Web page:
Let it sit a few days and you have something worthy of a Manhattan. Me, if I don’t have any homemade ones, I’m not putting anything in my Manhattan. I would rather have nothing than one of those gross neon atomic bombs. And the real Maraschino ones are just too freaking expensive. These, they may cost about four dollar for a quart. And when you run out, you just fill it up with more cherries. Use the same liquid.

It’s the power of DIY cherries!

The Jack Daniel’s House No. Siete in Houston, March 31, 2016

You may not give Jack Daniel’s Tennessee Whiskey that much thought. That’s the thing you order when you want a Lemmy, right? You know, a Jack and Coke. The drink that costs twice as much as it would have if you had just said “Whiskey and Coke.”

Some people love Jack and Coke. I know at least one person who ALWAYS orders one. I mean every single damn time he goes to a bar, he orders one. And if I’m buying, I’m paying for two whiskeys by ordering a Jack and Coke.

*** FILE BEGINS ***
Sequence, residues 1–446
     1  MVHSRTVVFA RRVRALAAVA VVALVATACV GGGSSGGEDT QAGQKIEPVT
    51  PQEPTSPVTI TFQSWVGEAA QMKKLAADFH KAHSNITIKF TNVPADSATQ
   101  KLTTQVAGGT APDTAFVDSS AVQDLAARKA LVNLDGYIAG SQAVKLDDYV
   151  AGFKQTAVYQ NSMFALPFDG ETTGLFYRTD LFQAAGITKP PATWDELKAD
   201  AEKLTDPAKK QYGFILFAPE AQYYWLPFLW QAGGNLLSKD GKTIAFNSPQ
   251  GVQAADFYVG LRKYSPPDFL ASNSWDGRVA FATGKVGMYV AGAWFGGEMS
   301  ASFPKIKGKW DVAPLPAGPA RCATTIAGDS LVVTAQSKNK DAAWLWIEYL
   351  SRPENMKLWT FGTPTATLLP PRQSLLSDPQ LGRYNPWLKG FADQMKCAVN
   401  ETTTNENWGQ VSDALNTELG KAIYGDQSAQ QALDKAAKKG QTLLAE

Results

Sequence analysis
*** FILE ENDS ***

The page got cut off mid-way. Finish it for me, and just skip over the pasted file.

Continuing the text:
And here’s the big but.

Jack Daniel’s is actually pretty good. It’s $23 for a 750mL bottle, which isn’t that much more than my own personal mixing standard, which is Evan Williams at $13 a bottle. Well, I guess that’s a pretty big difference, but here’s the kicker. People respect Jack Daniel’s. It has a cache that Evan Williams just doesn’t have. Or even Jim Beam, which is $16 a bottle. People may sometimes ask for a Beam and Coke, but not nearly as much as they do for a Jack and Coke. I mean, a Lemmy (see, I want people to start calling it that. Lemmy is a fucking legend, man.).

Not only is Jack Daniel’s more well-respected, but it’s actually something I can drink straight. It’s pretty good for a mass-produced whiskey.

And the people at Jack Daniel’s know how to throw an awesome party.

Last week, they invited me to the Jack Daniel’s House No. Siete here in Houston, Tejas at the Revention Music Center.

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They transformed that space into something pretty awesome that tried to mimic what it would have been like if Jack Daniel himself were still alive.

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And he, you know, liked to play pool and Foosball.

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Yes, they had a DJ and a half-DJ/half-band, and then a full band that all played throughout the evening. It was all pretty fun.